Despite his prolong delay in joining them, Ken and Bayo waited for him to come down before they started eating. “I was beginning to wonder if you planned to go to bed without food”, said Ken, as he opened the dishes to serve himself. “If they tell you that Okiemute went to bed without food would you believe? My guy serve dis thing make we eat. Una don try to wait for me. If na me, I for don chop my own waka since with the way hunger dey catch me”, he replied, trying to cover up his annoyance with some lively remarks.

They ate the food in silence, except occasionally when they drank water, the glass cup cranks on the marble coated dining table from the picking and dropping. All the time they were on the dining table, Bayo was avoiding eye contact with Okiemute. He knew his facial expression and demeanour changed when he got back from lunch break, and as the one that told Sandra the gist, he was burning with a guilty conscience. Mustering enough courage, he tried to start a conversation. “Any fresh insight with regards the project?” He asked. “Is that question for me or for Okiemute?” Asked Ken. “Are you not also on the team?” Bayo replied. “Now that you mentioned ‘Team’, are we really a team or a collection of gossips sharing information?” Okiemute asked with a sarcastic smile. Then he pulled out his chair and went straight to his room. Dinner was over, and to him, the day has ended with that activity being the last he would have with them for that day.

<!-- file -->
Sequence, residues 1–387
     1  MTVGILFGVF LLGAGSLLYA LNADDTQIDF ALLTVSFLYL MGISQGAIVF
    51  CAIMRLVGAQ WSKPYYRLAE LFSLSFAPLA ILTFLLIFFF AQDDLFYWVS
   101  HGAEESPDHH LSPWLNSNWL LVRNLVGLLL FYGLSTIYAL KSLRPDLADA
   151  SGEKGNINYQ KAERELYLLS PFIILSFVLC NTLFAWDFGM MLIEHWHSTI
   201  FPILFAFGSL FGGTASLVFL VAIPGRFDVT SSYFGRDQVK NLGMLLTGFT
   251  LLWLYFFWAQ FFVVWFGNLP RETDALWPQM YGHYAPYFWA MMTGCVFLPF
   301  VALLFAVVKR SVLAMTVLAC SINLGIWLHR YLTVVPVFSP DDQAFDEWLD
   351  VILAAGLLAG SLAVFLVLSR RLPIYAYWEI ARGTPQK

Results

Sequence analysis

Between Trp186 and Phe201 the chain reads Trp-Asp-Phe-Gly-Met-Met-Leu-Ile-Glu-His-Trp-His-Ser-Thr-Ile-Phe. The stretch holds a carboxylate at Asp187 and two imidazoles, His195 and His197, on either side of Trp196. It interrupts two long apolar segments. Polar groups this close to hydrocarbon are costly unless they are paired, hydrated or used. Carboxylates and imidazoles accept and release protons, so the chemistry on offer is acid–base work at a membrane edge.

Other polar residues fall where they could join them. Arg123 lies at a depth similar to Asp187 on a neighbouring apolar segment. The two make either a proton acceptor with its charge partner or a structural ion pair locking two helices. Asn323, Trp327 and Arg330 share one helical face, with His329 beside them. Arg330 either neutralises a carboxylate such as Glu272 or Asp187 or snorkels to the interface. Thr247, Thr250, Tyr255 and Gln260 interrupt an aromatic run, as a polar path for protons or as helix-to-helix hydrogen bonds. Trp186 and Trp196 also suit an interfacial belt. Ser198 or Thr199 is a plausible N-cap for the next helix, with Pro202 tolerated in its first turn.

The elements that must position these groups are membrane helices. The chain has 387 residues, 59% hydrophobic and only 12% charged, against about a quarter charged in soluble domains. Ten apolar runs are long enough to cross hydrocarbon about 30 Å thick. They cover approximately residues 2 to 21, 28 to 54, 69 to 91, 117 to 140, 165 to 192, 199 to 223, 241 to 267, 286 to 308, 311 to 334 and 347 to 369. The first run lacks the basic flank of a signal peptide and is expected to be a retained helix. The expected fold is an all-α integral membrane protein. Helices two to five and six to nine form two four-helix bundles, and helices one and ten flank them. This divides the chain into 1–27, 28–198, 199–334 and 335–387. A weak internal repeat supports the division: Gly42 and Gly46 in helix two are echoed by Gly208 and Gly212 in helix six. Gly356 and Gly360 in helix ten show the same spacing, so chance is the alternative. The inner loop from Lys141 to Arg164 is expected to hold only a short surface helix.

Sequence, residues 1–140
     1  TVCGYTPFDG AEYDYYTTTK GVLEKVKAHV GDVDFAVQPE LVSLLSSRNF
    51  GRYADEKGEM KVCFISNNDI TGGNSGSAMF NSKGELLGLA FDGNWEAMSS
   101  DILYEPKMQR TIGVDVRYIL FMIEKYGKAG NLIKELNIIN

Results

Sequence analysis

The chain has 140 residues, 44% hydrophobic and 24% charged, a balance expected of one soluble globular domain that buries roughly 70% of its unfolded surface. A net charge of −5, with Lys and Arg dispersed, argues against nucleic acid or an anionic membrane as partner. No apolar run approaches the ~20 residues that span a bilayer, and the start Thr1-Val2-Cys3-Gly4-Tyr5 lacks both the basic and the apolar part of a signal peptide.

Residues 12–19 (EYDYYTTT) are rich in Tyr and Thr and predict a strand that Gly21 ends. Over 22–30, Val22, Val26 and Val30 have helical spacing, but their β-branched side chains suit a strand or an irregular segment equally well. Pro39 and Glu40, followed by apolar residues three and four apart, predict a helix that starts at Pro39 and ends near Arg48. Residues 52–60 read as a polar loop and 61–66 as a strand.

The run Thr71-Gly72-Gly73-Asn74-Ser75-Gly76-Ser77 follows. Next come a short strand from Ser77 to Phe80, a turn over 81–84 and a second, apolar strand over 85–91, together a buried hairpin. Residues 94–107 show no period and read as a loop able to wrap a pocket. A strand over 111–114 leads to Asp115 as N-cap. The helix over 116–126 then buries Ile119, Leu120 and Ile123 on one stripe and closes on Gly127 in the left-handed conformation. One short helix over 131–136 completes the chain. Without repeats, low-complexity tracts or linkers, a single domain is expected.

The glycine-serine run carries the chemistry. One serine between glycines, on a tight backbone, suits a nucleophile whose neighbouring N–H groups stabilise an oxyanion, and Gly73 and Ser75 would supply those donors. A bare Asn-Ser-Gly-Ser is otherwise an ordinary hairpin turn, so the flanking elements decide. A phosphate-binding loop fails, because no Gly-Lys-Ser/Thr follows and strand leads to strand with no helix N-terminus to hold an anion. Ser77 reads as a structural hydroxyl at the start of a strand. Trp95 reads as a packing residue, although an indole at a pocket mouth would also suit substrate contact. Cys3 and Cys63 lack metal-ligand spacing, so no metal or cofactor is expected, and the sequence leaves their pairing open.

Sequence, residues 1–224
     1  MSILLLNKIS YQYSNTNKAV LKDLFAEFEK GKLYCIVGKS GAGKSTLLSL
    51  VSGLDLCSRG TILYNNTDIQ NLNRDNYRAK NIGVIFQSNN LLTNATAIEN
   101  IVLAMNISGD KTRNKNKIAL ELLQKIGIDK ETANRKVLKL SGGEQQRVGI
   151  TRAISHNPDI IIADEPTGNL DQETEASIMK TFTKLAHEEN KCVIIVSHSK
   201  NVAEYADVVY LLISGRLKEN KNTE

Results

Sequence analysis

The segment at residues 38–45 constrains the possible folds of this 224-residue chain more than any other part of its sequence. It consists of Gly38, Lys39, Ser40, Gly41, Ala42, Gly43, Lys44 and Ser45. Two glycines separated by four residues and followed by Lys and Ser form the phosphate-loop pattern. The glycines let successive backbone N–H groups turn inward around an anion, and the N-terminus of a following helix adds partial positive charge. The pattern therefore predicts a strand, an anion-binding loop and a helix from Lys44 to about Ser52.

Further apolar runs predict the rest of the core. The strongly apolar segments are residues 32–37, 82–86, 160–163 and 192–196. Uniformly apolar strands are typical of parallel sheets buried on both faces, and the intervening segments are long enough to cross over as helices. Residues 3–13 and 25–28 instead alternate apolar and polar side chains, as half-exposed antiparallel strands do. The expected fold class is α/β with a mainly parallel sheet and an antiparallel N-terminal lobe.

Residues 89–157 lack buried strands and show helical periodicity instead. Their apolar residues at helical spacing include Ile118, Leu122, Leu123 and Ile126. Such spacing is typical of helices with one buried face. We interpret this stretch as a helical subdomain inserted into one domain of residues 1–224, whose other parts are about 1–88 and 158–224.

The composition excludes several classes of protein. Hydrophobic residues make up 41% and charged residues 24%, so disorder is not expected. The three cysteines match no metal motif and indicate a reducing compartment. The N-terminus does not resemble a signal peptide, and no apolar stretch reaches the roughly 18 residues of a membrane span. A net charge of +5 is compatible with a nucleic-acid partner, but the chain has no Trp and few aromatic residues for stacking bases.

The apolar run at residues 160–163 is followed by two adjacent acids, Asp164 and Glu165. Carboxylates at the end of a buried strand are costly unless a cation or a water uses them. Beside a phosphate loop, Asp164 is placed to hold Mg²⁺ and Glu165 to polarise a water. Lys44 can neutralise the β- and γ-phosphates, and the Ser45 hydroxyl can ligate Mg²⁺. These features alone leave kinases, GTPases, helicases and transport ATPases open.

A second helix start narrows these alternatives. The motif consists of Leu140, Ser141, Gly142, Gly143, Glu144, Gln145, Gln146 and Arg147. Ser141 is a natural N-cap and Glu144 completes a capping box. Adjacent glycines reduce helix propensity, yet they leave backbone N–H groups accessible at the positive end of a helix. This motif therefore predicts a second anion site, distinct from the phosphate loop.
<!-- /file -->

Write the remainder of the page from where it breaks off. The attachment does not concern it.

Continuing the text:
Unknown to Ken that ‘gbeborun’ Bayo had gone to open his untamed mouth in the office, was asking the same person, what was wrong with Okiemute. Bayo feigning ignorance of what might have pissed Okiemute, stood up and left for his room also. Ken, in his usual mannerism then shouted with his deep baritone voice, “wetin dem say make papa nor hear, na papa go later settle am”.

As Okiemute bolted his door, he smiled hearing those words from Ken. “Ken will always be Ken, the butterfly that thinks himself a bird”. He said to himself, as he sat to do some work on the project before going to bed.

IDEDE Oseyande

Photo credit: Internet.

About the author

Idede Oseyande

IDEDE Oseyande, a graduate of the Federal University of Technology, Akure, is an unrepentant believer in the Nigeria project.
His concern for the actualisation of a prosperous nation and the continent, in general, is reflected in his written works.

He currently runs an online advocacy platform (www.socialwatchdog.ng) where he engages the government and the people.

Among his published works are 'What is Left of What is Right?', 'The Portrait of a Revolutionary Leader' and 'Warri No Dey Carry Last'.

He is a guest writer for several blogs and his Attitudinal and Behavioral Coaching classes has transformed many lives.